The Green movement have come full circle, from protecting forests and attacking coal, to preserving coal and destroying forests. The most interesting question for me (apart from wondering how long it can continue) is what the UK environmental movement is going to do with this. Do they care about forests? Do they care about the electricity bills inflicted on the poor? Do CO2 emissions matter?
In the UK, the Drax plant was once the largest coal fired power station. Now, thanks to £340 million in ‘green’ subsidies (and the rest) it makes electricity that is twice as expensive, produces more CO2, and apparently razes US forests to do it.
The Mail on Sunday has discovered that the UK Drax plant was paid by the British taxpayer to burn “millions of tons of wood pellets” which the company says are from ” dust and residues from sawmills”. But according to witnesses, environmentalists and workers, the wood is coming from US forests that are clearfelled to supply it. The Mail on Sunday has accounts from a senior forester in the firm in North Carolina that supplies Drax. He claims the company is clear-felling forests that aren’t suitable for logging, and that most [...]
During the recent warmest decades on record, Earth suffered under the highest CO2 levels of the last 800,000 years. Life responded to this devastating situation by — flourishing. There are now some 4 billion tons more living matter on the planet than there was in 1993. What a calamity. (And what a lot of carbon credits.)
It has, naturally, got nothing to do with warmth and aerial fertilizer. The researchers tell us it due to that force of nature known as “good luck”. Remember, human CO2 emissions were pollution that was going to afflict life on Earth. After twenty years of predicting the loss of forests and species, it turned out that biology bloomed instead. Notch up another model “success”. The press release headline: Good luck reverses global forest loss. (What else would we expect from UNSW?)
To those who know basic biology — and that almost half the dry weight of plants is carbon, sucked straight out of the air — this is not so much good luck as one entirely foreseeable and foreseen consequence of rising CO2. Acquiring carbon is often a plant’s hardest task. When the sun comes up, a cornfield begins sucking, and by lunch time [...]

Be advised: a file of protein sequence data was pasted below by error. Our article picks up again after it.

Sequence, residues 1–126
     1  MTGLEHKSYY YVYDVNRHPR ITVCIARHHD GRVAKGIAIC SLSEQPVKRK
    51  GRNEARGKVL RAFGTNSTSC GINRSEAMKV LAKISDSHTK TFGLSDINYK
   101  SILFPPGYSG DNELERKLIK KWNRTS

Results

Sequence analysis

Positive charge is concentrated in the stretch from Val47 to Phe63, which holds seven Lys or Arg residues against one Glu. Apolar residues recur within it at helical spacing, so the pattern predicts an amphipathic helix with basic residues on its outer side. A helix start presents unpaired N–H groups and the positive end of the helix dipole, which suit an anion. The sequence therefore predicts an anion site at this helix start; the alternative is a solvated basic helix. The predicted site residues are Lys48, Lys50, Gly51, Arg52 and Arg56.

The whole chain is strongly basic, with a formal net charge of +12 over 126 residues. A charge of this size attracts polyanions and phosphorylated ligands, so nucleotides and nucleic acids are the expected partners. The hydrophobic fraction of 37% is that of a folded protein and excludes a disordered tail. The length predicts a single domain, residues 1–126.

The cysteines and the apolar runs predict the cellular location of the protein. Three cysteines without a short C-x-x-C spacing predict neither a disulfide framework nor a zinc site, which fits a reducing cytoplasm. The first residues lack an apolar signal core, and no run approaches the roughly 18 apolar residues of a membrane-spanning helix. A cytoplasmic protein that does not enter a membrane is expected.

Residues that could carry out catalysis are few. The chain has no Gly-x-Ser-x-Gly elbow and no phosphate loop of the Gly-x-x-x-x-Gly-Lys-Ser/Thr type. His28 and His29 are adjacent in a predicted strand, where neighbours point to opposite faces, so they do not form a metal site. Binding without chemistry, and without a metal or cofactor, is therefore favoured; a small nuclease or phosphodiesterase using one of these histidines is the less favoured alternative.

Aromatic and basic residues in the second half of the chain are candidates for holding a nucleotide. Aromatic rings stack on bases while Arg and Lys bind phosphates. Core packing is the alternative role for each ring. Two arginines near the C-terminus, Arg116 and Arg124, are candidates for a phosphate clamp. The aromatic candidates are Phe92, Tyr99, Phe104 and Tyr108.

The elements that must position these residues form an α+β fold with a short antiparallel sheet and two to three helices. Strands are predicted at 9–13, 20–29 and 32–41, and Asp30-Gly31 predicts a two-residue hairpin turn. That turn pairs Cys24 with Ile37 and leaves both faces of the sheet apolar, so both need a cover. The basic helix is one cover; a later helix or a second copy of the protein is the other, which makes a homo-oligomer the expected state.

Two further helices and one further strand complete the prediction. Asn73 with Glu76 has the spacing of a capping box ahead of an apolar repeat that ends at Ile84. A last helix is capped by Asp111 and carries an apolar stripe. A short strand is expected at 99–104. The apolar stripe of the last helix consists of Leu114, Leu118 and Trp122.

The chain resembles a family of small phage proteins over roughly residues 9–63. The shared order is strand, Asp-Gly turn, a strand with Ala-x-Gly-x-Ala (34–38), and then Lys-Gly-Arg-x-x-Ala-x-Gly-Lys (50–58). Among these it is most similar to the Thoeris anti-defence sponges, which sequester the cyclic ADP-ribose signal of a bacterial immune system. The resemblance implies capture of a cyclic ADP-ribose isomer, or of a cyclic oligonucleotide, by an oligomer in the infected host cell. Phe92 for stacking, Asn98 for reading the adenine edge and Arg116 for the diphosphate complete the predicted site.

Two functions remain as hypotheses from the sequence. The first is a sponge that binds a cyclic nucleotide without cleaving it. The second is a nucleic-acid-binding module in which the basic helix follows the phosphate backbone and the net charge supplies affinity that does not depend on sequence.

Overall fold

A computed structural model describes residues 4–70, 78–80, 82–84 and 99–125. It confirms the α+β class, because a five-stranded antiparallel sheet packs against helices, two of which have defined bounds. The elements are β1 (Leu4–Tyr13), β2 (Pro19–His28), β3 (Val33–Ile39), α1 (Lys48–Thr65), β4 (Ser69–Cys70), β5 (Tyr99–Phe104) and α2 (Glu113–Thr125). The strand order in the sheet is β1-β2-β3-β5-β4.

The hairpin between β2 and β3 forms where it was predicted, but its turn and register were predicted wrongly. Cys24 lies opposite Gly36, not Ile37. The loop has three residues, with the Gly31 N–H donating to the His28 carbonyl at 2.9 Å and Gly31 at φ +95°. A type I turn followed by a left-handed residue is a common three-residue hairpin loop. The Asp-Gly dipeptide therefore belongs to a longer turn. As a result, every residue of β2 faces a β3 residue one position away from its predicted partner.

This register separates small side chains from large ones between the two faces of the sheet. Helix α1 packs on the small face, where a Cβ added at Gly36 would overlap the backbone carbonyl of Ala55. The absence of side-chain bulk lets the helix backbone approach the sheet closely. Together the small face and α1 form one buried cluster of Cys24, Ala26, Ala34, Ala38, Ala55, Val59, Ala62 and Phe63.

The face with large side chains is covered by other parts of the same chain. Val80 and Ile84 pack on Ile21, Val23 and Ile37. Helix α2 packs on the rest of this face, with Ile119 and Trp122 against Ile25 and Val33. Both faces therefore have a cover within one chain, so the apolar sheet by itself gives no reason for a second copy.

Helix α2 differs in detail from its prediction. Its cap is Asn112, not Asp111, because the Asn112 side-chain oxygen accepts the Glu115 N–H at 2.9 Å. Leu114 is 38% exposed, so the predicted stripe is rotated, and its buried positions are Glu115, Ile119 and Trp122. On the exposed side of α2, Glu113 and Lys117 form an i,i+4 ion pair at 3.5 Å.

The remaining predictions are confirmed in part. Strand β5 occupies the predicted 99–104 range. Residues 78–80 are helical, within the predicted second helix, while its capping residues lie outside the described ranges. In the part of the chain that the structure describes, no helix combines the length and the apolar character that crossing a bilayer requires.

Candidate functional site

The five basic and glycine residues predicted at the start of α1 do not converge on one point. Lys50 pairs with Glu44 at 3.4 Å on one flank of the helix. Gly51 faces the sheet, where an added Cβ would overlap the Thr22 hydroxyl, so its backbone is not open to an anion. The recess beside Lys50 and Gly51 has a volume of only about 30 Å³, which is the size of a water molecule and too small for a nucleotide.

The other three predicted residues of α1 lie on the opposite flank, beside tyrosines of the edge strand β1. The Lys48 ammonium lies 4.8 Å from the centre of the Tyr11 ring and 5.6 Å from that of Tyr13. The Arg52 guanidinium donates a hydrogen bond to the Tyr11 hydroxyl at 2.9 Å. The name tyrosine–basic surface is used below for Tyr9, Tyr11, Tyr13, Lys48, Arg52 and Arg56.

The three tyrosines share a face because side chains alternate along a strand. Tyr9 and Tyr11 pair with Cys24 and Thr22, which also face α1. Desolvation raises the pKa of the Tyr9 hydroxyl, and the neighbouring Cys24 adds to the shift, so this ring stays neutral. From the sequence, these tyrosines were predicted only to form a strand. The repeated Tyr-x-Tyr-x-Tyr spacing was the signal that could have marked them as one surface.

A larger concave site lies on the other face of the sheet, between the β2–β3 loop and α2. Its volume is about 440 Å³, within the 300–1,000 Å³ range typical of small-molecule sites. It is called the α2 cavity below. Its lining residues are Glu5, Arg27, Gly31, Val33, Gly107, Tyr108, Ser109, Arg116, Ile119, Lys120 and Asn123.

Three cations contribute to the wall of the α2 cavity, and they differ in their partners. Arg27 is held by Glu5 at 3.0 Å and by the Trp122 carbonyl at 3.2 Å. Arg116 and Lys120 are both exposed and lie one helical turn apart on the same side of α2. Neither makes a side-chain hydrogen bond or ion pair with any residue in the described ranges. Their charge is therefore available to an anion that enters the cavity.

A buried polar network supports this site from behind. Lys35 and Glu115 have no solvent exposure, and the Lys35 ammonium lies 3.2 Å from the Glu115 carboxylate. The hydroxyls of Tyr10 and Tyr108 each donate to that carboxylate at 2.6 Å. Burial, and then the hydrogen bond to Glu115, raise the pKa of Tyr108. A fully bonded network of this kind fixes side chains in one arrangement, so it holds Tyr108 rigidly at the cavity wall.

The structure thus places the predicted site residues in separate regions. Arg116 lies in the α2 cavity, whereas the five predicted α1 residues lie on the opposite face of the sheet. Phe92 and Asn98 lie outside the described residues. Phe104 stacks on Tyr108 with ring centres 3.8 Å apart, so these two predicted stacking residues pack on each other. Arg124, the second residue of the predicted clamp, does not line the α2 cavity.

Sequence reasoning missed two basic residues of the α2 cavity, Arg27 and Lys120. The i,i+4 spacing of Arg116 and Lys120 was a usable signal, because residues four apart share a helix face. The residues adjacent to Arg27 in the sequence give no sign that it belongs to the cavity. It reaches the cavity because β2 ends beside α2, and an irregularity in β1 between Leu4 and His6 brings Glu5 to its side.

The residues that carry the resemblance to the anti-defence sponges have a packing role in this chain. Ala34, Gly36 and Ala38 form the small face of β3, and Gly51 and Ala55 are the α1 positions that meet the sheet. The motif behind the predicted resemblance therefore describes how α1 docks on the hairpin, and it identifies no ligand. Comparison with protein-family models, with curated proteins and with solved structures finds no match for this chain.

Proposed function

The headline at Science Daily is that wildfires and other burns lead to climate change. The paper itself asks: “As such, particle burn-off of clouds may be a major underrecognized source of global warming.” For me what matters are the deaths in the here and now:
“We calculate that 5 to 10 percent of worldwide air pollution mortalities are due to biomass burning,” Jacobson said. “That means that it causes the premature deaths of about 250,000 people each year.”
This is similar to Indur Goklany’s conclusion in 2011:
Killing people with “concern”? Biofuels led to nearly 200,000 deaths (est) in 2010.
In a study published in Journal of American Physicians and Surgeons, Indur Goklany calculated the additional mortality burden of biofuels policies and found that nearly 200,000 people died in 2010 alone, because of efforts to use biofuels to reduce CO2 emissions.
Goklany (2011) estimated that the increase in the poverty headcount due to higher biofuel production between 2010 and 2004 implies 192,000 additional deaths and 6.7 million additional lost DALYs in 2010 alone.
He compared this death tally to the WHO figures for deaths attributed to global warming and finds that [...]
Have you wondered just exactly how much money you could pay for the feel-good factor of knowing that your electrons came from fashionable sources?
Thanks to the Victorian government we can get the hard numbers in the Victorian Auditor General’s Report.
In a nutshell, most alternatives are 2-3 times as expensive, except for solar which is 5 times the price.
(Luckily at the moment, renewables only produce 3 – 4 % of all energy in Victoria. Be grateful. You Victorians could be a lot poorer.) As it is, it cost Victorians $415,000 to tell you this, but it may be the most effective money spent on renewable energy in the last ten years. (Though oddly they didn’t produce this helpful comparative graph below. I did that for free.)
The Full PDF
In 2002 the State government of Victoria decided to aim for 10% renewable energy by 2010. You can see how well that worked out for them:
The light blue line (at 10%) was what they were aiming for.
The report is 48 pages. Basically it found that nobody thought too hard about how these aims would be done. Nobody assessed how useful it was to [...]
A little under half (typically about 45%) of the dry weight of any plant is carbon, and almost all that “C” came from CO2 in the atmosphere. No wonder plants love more CO2.
Trees and bushes can grow out of cracks in rocks because they suck the carbon right out of the air. Likewise hydroponics is only possible because the building blocks come from liquid and aerial fertilizer.
CO2 is about the only “pollution” you can pump around plants and watch them grow faster, stronger, taller and indeed more resistant to most of the stresses that normally bother a plant.